In addition to being an MAALI site for birds, the site is home to rare species including visiting Terek Sandpipers and nesting Northern pintails. Mammals such as the wolverine, fox, otter, European brown bear, moose and lynx utilize the site, among others. The site’s important biodiversity has been the subject of a US documentary and TV series and it is also the second Re-wilding site in Finland. Most recently, the site’s significance has been recognised by the national government, which designated it as a strict protected area in December 2017 with the agreement of the community and Snowchange who still owns the land base.

Link to the ICCA Registry.

Posted in News

Comments are closed.

2017 Ends, 2018 Expands Snowchange Work At Home and Internationally

Nuunoq, a knowledge holder and a Disko Bay hunter in Aasiaat, Greenland, December 2017.

Nuunoq, a knowledge holder and a Disko Bay hunter and staff member Kaisu Mustonen in Aasiaat, Greenland, December 2017.

As 2017 draws to a close, we wish to thank all partners, friends, allies and supporters. 2017 was a big year, with operational work in the Näätämö Skolt Sámi catchment area, on Jukajoki, and lake Kuivasjärvi restorations as well as the international partnerships in Russia, British Columbia and NWT in Canada as well as forming new relations on the Elwha river in Washington, USA and with the Greenlandic hunters in Aasiaat. Purchase of Linnunsuo in the spring with Re-wilding Europe transformed the organisation into new directions. Puruvesi winter seining saw a documentary film being released and being included into the National Registry of Cultural Heritage in Finland. The Science journal  paper on Species on the Move and other scientific releases complemented the year.

Uilu harvesting capelin, Summer 2017.

Uilu harvesting capelin, Summer 2017.

As we look forwards to 2018, several events will be underway early in the year:

  • Näätämö Skolt Sámi restoration, monitoring and database work will expand considerably, with announcements in January.
  • Jukajoki restoration moves forwards to trout and grayling spawning areas and more wetland units in the catchment area.
  • The Greenlandic-Sámi-Finnish report “Deepening Voices” will be released in early January
  • We ll present our key operations at the ISAR-5 in Japan and renew relations with the Ainu of Hokkaido in January.
  • The visual histories archives of Snowchange will be unveiled in a new platform soon.
  • Solar panel work continues in Siberia thanks to new support from the Hogan-Lovells support.
  • Oral history report from river Koitajoki, in Finland will be released in March
  • Expanding the community-to-community exchanges, we plan to host a Tahltan First Nations and Tongaporutu Maori delegations here in Finland in 2018.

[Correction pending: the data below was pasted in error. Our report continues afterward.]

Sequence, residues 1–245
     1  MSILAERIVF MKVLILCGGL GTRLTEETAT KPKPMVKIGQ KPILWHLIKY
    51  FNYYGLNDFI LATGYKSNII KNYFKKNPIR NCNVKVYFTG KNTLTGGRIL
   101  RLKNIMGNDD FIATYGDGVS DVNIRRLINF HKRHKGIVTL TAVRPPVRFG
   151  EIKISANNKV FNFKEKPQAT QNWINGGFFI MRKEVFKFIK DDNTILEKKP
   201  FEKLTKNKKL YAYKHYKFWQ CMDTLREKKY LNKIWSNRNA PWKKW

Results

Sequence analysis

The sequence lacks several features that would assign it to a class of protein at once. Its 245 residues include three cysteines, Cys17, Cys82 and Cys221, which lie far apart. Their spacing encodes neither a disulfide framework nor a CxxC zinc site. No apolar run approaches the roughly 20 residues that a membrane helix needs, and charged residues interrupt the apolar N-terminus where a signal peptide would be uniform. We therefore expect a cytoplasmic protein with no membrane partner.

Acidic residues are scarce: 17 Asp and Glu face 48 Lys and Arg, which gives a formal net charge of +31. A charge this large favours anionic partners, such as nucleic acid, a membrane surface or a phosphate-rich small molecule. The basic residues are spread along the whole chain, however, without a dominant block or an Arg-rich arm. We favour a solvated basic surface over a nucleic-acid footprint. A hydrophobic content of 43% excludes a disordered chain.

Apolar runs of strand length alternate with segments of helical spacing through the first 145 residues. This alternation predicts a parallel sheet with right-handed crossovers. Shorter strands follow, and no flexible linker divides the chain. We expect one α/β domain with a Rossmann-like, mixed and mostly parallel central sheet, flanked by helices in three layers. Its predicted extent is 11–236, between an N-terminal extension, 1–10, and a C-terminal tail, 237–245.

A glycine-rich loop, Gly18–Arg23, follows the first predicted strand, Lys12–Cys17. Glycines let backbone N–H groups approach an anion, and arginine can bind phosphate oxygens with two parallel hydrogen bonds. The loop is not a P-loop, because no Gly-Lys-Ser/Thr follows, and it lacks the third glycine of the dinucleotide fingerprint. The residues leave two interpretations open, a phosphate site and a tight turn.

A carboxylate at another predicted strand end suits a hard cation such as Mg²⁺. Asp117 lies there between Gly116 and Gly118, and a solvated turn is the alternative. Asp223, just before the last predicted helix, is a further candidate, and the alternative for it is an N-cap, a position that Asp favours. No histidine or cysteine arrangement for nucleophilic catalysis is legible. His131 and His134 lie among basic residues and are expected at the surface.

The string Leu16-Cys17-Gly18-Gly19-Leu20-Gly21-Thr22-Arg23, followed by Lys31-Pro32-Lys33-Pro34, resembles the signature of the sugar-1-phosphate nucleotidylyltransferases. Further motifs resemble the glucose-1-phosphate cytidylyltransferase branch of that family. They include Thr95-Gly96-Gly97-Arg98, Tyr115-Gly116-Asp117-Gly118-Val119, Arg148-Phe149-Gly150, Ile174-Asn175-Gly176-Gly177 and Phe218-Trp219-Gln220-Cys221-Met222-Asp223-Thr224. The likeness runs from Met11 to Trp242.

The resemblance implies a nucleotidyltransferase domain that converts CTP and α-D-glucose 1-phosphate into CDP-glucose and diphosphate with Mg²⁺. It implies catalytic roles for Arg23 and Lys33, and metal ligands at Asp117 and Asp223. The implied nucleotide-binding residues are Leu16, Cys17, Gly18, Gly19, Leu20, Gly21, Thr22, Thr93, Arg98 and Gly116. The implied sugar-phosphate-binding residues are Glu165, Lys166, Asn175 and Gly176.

• Festival of Northern Fishing Traditions is slated to be organised in September, 2018 in Tornio, Finland
  • And many more, watch this space for announcements.

Intercontinental Cry and Re-Wilding Europe report on Snowchange end of the year activities as well.

With that we ll see already great 2018! See you starting in early January with major annoucements.

Snows of Sámi community of Purnumukka.

Snows of Sámi community of Purnumukka.

 

Posted in News

Comments are closed.

UN Calendar Features Snowchange Work for 2018

Chukchi nomadic Turvaurgin in reindeer separation, Winter 2005. Photo: Snowchange

Chukchi nomadic Turvaurgin in reindeer separation, Winter 2005. Photo: Snowchange

The UNFCCC Poster “Local communities and indigenous peoples: Leadership for a resilient future” features two Snowchange key regions – the Skolt Sámi co-management efforts in Finland and the Turvaurgin Chukchi nomadic reindeer herding in NE Siberia, Russia.

Local communities and indigenous peoples stand at the front lines of climate change due to their dependence upon, and close relationship with, the environment and its resources. Indigenous people care for 22% of the earth’s surface, including “an estimated 80 percent of the planet’s remaining biodiversity”. The IPCC recognizes how much we have to learn with and from local communities and indigenous peoples, which is a “major resource for adapting to climate change”. Recognizing the need to strengthen the knowledge, technologies, practices and efforts of local communities and indigenous peoples related to addressing and responding to climate change, the Paris Climate Change Conference (COP 21) established a platform for the exchange of experience and sharing of best practices on mitigation and adaptation in a holistic and integrated manner.

The local communities and indigenous peoples platform broke fresh ground in 2017 by giving indigenous peoples and local communities an active role in shaping climate action, including a prominent role in the first open multi-stakeholder dialogue. The calendar showcases the experiences and good practices of the local communities and indigenous peoples in adapting to climate change.

The calendar is available here.

Posted in News

Comments are closed.